Since warfare as we know it has existed earthen fortifications have been employed defensively in one form or other. Over time thick mounds of hardened mud and clay gave way to ramparts held down with rocks and dirt. These ramparts became sandbag bunkers and pillboxes. Such bunkers are still in use today by many national militaries as relatively quick and cheap barracks for soldiers as well as protected weapon emplacements. Thick bags of sand can just as easily stop a speeding bullet as a thick plate of steel, and are much cheaper to construct. They provide good protection from the heat of the day and can be easily warmed with a little ingenuity. A military sandbag bunker might look a little odd out in your front yard. However battle recreationists and paintball players could benefit from their creation and use. Such a bunker would also make an excellent lodge if you spend much time hunting out in the woods. To that end, here is a guide on how to build your own sandbag bunker.
Lay the wooden stakes down in a rough outline in the shape of the bunker's walls. Flat ground will be easier to work on.
Prepare the ground by using your shovel to dig out all the plants and grass inside the bunker.
Start digging. Use the earth you take from inside the outline of your bunker to fill the empty sandbags. Each bag will typically weight 22.7 Kilogram when full. They come with ties and drawstrings to close them up once you're ready to place them. Dig from the outside edges of the bunker inward. That way you can get the filled sandbags in place as soon as possible. Still, this part of the construction may take weeks depending on how big the finished bunker will be and how many people you have to help you.
Place the filled bags long-end to long-end in two rows side-by-side in the shape of the bunker's walls just outside the stakes. This will allow you to take advantage of the height difference you're creating. If you hollow out the ground inside the bunker three feet deep, then you only have to pile the sandbags four feet high to have a seven foot high space for people to comfortably move around in.
Put the second layer of sand bags crosswise over the first layer. Keep doing this for each successive layer. This will add a great deal of stability to the walls. They're much less likely to tip over this way.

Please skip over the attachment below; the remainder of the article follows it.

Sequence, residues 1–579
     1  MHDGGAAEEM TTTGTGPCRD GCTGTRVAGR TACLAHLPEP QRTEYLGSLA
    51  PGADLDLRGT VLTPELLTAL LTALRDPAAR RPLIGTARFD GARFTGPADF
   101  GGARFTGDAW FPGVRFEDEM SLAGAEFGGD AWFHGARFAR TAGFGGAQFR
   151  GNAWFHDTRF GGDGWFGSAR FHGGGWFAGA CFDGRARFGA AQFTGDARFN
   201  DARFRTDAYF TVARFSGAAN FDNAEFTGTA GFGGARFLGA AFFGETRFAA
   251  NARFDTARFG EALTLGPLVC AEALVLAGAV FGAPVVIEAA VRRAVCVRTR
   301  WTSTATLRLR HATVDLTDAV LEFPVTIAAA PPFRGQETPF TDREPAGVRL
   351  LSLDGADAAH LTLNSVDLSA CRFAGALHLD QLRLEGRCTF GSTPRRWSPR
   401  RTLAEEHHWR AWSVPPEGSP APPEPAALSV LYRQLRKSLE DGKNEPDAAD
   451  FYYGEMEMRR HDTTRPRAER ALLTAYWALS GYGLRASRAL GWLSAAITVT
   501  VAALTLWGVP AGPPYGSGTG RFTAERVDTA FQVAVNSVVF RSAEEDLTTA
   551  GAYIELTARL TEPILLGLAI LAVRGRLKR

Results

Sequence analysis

Hammer the stakes in to support the inside wall of the bunker. You should have at least one stake for every two feet of wall. For a relatively small bunker, sharpened 2X4s will work, but a large bunker will have a great deal more sand leaning inward on it and it would be a good idea to use 4x4s. The stakes should be driven in vertically and stand slightly above the very top layer of sandbags. When placing sandbags make sure they're snug against the stakes.
Place the flak or duckboard planks over the top of the bunker when the walls are the desired height. Nail these boards firmly to the tops of the stakes.
Place a single layer of sandbags over the boards. When you finish, the duckboards shouldn't be visible at all because of the sandbags covering them. Make absolutely sure that your stakes can take the weight. If you see the boards bowing near the centre of the roof or hear the wood groaning then immediately place more stakes closer to the centre of the bunker to help support the weight of the sandbags.
This sort of work is absolutely back-breaking. Your best chance of completing it is by getting some friends over to help. You will probably have to reward them with plenty of food and refreshments. For a large bunker, you may need support stakes in the centre to hold the weight of the sandbags on the roof.
If the roof is not sufficiently reinforced from beneath there exists the hazard of collapse. With a few metric tons of sandbags above you, such a collapse could very well be fatal.
Tips and warnings
- This sort of work is absolutely back-breaking. Your best chance of completing it is by getting some friends over to help. You will probably have to reward them with plenty of food and refreshments. For a large bunker, you may need support stakes in the centre to hold the weight of the sandbags on the roof.
- If the roof is not sufficiently reinforced from beneath there exists the hazard of collapse. With a few metric tons of sandbags above you, such a collapse could very well be fatal.